Monday, July 19, 2010
Being busy, away from the Internet altogether, or both quite a bit lately, I'm playing catch-up with some of my regular haunts. I'll start with a couple of things you should see, if you've missed them, too.
Soccer and Productivity
Stephen Bourque discusses a very interesting point raised by a comment he heard on a sports radio show:
A group was discussing possible reasons why kids play soccer when they are young but do not go on to be fans of the sport when they grow up.Commenting on the post, Tito Sarrionandia raises pretty much the same point that I would have raised: that scoring isn't the only measure of productivity in an athletic contest. (This in no way detracts from the issue Bourque discusses.)
A commentator (I believe it was former NFL linebacker Steve DeOssie, but my apologies to the actual speaker if I got it wrong) offered this: Maybe Americans don't like soccer because it is so low scoring--and Americans admire, above all things, productivity. [bold removed]
Paul Hsieh Does It Again
I'll read the whole thing later, but Paul Hsieh's latest article in Pajamas Media looks compelling:
Recent advances in biotechnology have allowed private companies to offer affordable genetic testing directly to consumers, to help them determine their risks of developing problems such as diabetes, heart disease, and various forms of cancer. In response, the U.S. government has told these companies that their tests must be approved by FDA regulators before they can be sold because, in the government's words, "consumers may make medical decisions in reliance on this information." [minor format edits]Gov forbid we presume to make our own health decisions -- or attempt to make them with as much information as possible.
And, if you like that article, there's a pledge drive you may be interested in...
Soylent Green Meets Mad Cow
And speaking of genetic predisposition to diseases, I recently ran across an interesting example of natural selection at work among the Fore people in the South Pacific. The disease in question, kuru, is similar to mad cow disease, but is believed to have been transmitted by the ritual cannibalism once practiced by this tribe.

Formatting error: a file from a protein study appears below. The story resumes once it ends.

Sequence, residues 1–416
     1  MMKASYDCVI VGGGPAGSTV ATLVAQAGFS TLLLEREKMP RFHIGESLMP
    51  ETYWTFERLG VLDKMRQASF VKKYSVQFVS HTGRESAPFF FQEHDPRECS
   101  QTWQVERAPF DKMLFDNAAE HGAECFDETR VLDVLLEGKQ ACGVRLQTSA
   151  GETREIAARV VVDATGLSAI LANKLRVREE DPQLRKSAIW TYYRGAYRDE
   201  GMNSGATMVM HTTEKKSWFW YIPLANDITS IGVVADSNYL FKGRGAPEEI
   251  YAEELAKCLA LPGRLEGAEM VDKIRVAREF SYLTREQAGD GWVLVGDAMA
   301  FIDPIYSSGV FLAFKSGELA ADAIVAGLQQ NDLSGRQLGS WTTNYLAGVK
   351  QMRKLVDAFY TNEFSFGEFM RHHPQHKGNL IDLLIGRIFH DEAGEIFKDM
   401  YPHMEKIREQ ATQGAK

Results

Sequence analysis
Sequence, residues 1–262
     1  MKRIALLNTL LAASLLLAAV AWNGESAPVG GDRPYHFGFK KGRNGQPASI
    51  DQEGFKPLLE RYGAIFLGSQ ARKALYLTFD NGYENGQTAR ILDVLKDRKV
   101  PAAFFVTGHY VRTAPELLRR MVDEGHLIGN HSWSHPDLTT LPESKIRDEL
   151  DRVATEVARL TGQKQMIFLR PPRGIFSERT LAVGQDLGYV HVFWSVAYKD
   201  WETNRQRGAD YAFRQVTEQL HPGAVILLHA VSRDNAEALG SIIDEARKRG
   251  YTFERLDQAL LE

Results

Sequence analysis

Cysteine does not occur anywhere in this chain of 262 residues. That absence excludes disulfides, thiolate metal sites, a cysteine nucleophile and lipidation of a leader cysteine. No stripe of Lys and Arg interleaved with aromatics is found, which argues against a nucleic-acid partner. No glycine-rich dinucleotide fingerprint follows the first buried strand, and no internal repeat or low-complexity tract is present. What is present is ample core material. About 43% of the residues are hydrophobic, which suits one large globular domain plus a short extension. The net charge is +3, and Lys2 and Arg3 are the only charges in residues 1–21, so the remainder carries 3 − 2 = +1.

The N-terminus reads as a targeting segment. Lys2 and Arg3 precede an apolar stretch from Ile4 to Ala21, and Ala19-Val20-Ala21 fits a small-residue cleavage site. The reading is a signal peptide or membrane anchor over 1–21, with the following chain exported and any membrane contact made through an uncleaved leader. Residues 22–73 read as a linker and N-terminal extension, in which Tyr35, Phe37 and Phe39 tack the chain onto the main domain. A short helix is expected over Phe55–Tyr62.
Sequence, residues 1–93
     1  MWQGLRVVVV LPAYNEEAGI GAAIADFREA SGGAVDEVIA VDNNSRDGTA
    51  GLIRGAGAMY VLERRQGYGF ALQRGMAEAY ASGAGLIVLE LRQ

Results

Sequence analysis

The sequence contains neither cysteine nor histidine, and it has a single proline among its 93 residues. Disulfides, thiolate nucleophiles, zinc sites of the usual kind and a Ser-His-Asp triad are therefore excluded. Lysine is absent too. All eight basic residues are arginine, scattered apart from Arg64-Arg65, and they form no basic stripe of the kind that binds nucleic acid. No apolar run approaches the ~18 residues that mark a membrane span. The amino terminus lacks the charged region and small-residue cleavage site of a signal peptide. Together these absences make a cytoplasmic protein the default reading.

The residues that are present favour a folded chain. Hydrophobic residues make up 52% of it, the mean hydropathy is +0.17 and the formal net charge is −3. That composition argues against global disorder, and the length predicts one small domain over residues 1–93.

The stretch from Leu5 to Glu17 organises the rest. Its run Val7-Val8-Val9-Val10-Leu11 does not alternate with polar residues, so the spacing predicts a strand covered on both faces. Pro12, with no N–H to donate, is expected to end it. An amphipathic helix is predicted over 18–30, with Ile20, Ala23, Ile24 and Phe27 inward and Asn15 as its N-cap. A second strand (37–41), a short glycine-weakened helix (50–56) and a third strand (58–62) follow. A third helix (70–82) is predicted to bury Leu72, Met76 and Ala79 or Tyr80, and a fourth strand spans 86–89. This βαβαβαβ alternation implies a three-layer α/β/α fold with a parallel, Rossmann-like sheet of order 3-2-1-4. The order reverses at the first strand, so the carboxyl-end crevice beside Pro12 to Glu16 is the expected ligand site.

Kuru is a fatal prion disease, similar to [Creutzfeldt-Jakob Disease] in humans and [bovine spongiform encephalopathy] in animals, and is geographically unique to an area in Papua New Guinea. In the mid 20th Century, an epidemic of kuru devastated a population in the Eastern Highlands of Papua New Guinea. The infection was passed on at mortuary feasts, where mainly women and children consumed their deceased relatives as a mark of respect and mourning. This practice was banned and ceased in the late 1950s.It has been some time since I thought much about prion diseases, which interested me somewhat during grad school. Had it been available to me then, I would have loved this article (pdf) about how the connection between ritual cannibalism and this disease was made. (Well, okay. Yes, I'll probably read this some time down the road. I never said I wasn't weird.)
Scientists from the MRC Prion Unit, a national centre of excellence in prion diseases, assessed over 3000 people from the affected and surrounding Eastern Highland populations, including 709 who had participated in cannibalistic mortuary feasts, 152 of whom subsequently died of kuru. They discovered a novel and unique variation in the prion protein gene called G127V in people from the Purosa valley region where kuru was most rife.
This gene mutation, which is found nowhere else in the world, seems to offer high or even complete protection against the development of kuru and has become frequent in this area through natural selection over recent history, in direct response to the epidemic. This is thought be perhaps the strongest example yet of recent natural selection in humans.
Get the Crows off Your Couch
I found this home entertainment tip to be a simple and somewhat amusing way to apply an epistemological principle to the problem of guests using cluttered entertainment remotes.
Today: Corrected two links.